Research on how long term space travel will impact human health will kick into high gear next week as NASA astronaut Scott Kelly comes back to Earth after an 11-month stay at the International Space Station.
NASA Twin Study
As Scott stayed in orbit, he left behind his identical twin brother Mark Kelly, a retired astronaut. By involving the twin brothers, who are genetically identical, in a landmark twin study, NASA can study how long-duration space flight can impact the body and mind with Mark as the control.
"NASA has selected 10 investigations to conduct with identical twin astronauts Scott and Mark Kelly," NASA said. "These investigations will provide broader insight into the subtle effects and changes that may occur in spaceflight as compared to Earth by studying two individuals who have the same genetics, but are in different environments for one year."
Researchers involved in the twin study wanted to know how extended space flight influences, among others, a person's cognition, physiology and microbiome and Scott's soon-to-end ISS mission would provide researchers with a chance to compare several health aspects of the Kellys.
Scott and Mark had their cardiovascular function, visual acuity and other things tested over the past several months. Scott also took blood and urine samples that would be brought back to earth for comparison.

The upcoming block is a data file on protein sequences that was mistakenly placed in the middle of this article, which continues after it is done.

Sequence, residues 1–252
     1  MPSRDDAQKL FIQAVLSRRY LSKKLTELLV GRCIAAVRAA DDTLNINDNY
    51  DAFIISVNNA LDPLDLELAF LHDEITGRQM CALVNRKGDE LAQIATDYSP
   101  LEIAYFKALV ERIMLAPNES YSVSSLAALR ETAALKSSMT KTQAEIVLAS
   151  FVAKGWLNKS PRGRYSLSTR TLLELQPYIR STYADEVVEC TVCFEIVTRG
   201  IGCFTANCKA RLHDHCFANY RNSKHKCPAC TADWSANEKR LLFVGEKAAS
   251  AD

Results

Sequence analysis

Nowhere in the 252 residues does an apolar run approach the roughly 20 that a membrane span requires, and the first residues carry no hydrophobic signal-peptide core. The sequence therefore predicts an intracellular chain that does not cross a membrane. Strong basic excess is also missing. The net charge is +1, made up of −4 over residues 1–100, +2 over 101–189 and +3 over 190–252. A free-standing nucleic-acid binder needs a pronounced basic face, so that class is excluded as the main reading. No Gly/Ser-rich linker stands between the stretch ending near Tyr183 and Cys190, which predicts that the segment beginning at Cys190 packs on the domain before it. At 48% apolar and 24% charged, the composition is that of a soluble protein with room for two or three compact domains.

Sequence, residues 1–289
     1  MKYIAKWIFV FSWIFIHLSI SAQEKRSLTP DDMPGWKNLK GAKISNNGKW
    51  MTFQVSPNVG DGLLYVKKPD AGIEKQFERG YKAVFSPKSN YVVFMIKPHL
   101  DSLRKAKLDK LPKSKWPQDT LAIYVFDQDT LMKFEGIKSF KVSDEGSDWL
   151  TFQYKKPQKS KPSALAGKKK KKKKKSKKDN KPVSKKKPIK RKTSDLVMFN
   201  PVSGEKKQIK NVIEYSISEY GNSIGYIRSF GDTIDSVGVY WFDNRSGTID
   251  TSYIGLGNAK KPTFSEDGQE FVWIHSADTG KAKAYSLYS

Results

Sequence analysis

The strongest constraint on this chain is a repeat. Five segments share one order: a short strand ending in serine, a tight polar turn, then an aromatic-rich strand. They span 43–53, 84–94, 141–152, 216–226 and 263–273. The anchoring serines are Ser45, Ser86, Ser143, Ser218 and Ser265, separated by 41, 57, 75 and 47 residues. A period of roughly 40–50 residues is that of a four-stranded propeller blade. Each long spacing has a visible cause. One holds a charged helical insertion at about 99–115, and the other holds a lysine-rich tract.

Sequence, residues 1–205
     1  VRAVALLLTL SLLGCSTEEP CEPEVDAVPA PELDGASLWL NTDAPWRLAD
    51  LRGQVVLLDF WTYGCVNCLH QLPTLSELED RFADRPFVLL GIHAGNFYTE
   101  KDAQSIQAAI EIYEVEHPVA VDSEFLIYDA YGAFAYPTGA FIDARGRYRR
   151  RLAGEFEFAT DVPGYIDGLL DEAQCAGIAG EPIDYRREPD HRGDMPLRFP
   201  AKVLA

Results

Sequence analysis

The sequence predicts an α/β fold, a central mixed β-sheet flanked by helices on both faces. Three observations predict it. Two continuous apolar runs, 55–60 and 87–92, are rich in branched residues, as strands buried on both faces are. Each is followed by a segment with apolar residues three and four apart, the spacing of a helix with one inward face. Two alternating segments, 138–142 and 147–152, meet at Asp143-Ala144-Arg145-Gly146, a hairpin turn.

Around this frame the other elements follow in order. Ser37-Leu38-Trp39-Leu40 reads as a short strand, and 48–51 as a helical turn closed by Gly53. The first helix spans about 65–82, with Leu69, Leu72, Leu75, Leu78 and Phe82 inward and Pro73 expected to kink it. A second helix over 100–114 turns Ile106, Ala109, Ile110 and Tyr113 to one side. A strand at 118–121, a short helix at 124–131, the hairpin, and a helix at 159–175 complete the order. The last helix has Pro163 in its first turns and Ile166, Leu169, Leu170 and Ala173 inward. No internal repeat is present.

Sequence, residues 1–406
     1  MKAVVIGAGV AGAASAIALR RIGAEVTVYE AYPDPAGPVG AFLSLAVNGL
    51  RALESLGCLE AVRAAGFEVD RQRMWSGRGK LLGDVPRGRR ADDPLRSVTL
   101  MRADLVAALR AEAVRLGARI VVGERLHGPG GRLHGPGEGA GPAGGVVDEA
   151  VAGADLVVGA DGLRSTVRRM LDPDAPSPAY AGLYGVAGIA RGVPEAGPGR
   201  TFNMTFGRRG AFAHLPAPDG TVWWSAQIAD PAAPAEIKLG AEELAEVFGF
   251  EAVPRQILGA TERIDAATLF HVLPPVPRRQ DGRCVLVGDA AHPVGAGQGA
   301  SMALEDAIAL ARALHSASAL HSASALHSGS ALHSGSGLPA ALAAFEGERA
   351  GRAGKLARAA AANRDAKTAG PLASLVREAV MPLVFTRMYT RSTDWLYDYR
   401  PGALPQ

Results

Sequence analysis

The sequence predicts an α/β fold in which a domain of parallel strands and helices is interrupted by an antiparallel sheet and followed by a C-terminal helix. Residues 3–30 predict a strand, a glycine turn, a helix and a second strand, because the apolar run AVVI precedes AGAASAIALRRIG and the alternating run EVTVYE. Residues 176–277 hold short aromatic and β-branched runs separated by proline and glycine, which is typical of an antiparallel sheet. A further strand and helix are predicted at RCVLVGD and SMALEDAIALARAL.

Scott's samples from the ISS have been stored and will arrive on a returning SpaceX capsule about a month following his return.
Preparation For Manned Mars Mission
The twin study aims to help NASA make the necessary preparations for the planned manned mission to planet Mars.
Brinda Rana, a researcher from the UC San Diego School of Medicine, said that by studying how the space environment affects the human body at the molecular level, NASA can identify risk factors and countermeasures to deal with potential health issues that may arise as a result of prolong space travel such as a mission to Mars.
Effects Of Space Travel
Traveling through space is believed to produce possibly adverse side effects on the body due to radiation exposure, microgravity, isolation, elevated carbon dioxide and confinement and a better understanding of these may help NASA make the necessary preparations for longer space travel. A trip to Mars, for instance, may last several months.
"Our bodies are adapted to a 1g environment in which gravity pulls the blood toward the feet," Rana said. "In space, with nearly zero gravity, the blood and other fluids in the body shift upwards toward the upper body around the heart, the neck and the head. This fluid shift may cause changes in brain pressure and vision, which have been observed in some astronauts.
Researchers said that knowledge from the twin study may also have medical applications on Earth. The findings, for instance, may shed more light on traumatic brain injury, glaucoma, atherosclerosis and bone loss.
Scott Kelly is set to return to Earth on March 1. His stay at the ISS is the longest an American lived in space.